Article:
Five thousand years ago there may be many gaps in the historical record, fifty years ago there may be so much information that it is virtually impossible for a single historian to digest the material.
Physical evidence from the past may provide firm evidence for what "really happened". Thus an archaeological dig of a battlefield may reveal a wealth of information about the type ammunition used, the number of dead and even the type of food that the armies were eating. However, even with a wealth of physical evidence, the historian's task is to place it in context. Thus, what does the type of food that was eaten by an army mean to the overall reality of what was occurring at a time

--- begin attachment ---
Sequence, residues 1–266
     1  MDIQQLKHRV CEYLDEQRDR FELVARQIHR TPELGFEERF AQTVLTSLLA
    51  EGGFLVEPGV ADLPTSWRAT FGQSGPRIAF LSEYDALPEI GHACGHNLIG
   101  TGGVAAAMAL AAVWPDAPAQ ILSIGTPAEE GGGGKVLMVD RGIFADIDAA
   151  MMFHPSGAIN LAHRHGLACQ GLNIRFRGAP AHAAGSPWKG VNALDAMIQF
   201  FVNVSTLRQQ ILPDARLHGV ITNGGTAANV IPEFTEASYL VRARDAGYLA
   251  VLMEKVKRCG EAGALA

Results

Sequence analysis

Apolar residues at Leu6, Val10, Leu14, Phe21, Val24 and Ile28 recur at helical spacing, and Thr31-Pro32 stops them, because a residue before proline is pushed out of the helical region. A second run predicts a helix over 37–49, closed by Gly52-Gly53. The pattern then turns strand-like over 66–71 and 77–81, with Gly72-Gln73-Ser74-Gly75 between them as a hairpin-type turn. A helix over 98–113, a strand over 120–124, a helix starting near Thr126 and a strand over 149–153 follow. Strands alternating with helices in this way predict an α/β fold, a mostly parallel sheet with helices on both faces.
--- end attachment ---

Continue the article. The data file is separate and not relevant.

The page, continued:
Another difficulty with discovering "what really happened" is that the historian needs to decide from whose viewpoint are the occurrences being seen. The traditional, "great man" view of history, which tells of the happenings that occurred to Kings, Queens, Emperors, Presidents, Prime Ministers . . . . that is very different from a history of the ordinary or poor people. The latter may be virtually unaware of what is happening at the national level, while the former may ignore the plight of most of the people that they rule. So "what really happened" depends upon the point of view being taken. "Happening" is a multiple occurrence and has multiple dimensions according to the different groups and individuals being considered.